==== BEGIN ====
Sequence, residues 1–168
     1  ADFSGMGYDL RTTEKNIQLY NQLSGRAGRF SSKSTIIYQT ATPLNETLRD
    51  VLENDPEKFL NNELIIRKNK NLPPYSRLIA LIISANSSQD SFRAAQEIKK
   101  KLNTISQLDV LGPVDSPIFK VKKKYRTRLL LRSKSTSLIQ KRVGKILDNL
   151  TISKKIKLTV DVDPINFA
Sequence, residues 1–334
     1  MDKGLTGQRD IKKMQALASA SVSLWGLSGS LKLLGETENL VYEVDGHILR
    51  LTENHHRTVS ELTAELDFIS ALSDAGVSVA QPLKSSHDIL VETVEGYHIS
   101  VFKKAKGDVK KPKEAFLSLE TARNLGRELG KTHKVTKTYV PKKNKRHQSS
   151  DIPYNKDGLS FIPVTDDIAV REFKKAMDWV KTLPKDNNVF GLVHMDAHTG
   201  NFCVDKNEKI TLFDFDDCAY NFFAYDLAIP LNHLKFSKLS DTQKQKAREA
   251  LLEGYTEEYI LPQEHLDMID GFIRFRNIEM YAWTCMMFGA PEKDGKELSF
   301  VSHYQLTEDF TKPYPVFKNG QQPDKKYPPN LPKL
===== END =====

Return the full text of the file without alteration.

Sequence, residues 1–168
     1  ADFSGMGYDL RTTEKNIQLY NQLSGRAGRF SSKSTIIYQT ATPLNETLRD
    51  VLENDPEKFL NNELIIRKNK NLPPYSRLIA LIISANSSQD SFRAAQEIKK
   101  KLNTISQLDV LGPVDSPIFK VKKKYRTRLL LRSKSTSLIQ KRVGKILDNL
   151  TISKKIKLTV DVDPINFA
Sequence, residues 1–334
     1  MDKGLTGQRD IKKMQALASA SVSLWGLSGS LKLLGETENL VYEVDGHILR
    51  LTENHHRTVS ELTAELDFIS ALSDAGVSVA QPLKSSHDIL VETVEGYHIS
   101  VFKKAKGDVK KPKEAFLSLE TARNLGRELG KTHKVTKTYV PKKNKRHQSS
   151  DIPYNKDGLS FIPVTDDIAV REFKKAMDWV KTLPKDNNVF GLVHMDAHTG
   201  NFCVDKNEKI TLFDFDDCAY NFFAYDLAIP LNHLKFSKLS DTQKQKAREA
   251  LLEGYTEEYI LPQEHLDMID GFIRFRNIEM YAWTCMMFGA PEKDGKELSF
   301  VSHYQLTEDF TKPYPVFKNG QQPDKKYPPN LPKL